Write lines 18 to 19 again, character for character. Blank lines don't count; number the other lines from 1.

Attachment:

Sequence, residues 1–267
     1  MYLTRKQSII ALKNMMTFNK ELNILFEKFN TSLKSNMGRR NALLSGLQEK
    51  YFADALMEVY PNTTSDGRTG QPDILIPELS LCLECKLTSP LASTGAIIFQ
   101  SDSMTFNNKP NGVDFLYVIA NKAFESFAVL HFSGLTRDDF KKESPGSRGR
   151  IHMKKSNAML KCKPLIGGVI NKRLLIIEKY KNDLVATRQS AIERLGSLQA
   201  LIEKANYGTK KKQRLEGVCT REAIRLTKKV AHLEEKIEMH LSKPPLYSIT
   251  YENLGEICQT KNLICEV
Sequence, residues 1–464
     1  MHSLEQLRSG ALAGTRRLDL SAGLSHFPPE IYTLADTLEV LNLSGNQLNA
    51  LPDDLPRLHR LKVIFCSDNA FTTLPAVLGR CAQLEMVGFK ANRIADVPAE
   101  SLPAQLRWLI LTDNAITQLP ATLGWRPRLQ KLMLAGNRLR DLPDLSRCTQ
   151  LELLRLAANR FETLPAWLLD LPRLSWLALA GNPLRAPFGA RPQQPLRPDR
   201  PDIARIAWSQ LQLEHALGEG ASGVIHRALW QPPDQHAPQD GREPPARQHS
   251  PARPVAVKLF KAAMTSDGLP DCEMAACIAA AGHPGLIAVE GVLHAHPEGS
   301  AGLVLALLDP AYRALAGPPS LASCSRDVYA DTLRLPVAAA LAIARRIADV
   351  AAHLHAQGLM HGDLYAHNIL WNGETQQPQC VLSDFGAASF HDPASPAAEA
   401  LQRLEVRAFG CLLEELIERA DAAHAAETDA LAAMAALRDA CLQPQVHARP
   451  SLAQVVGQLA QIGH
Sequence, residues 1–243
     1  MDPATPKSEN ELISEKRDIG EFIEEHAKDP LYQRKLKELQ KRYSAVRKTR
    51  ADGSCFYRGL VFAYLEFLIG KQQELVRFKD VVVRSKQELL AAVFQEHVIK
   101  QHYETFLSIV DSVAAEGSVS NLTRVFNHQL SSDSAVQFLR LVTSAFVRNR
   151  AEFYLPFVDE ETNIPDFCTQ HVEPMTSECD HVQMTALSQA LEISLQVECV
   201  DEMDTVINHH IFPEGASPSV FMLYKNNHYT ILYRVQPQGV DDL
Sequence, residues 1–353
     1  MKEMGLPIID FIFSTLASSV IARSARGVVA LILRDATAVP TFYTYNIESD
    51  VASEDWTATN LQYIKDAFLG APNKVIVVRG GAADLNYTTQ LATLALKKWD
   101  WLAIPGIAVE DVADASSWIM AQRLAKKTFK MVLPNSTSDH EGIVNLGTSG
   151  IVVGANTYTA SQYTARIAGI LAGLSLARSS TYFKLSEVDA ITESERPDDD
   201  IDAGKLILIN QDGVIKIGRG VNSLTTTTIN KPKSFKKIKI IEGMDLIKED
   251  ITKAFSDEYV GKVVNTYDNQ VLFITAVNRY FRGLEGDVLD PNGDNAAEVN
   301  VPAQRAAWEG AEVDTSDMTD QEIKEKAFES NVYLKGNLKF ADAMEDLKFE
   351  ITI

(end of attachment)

   451  SLAQVVGQLA QIGH
Sequence, residues 1–243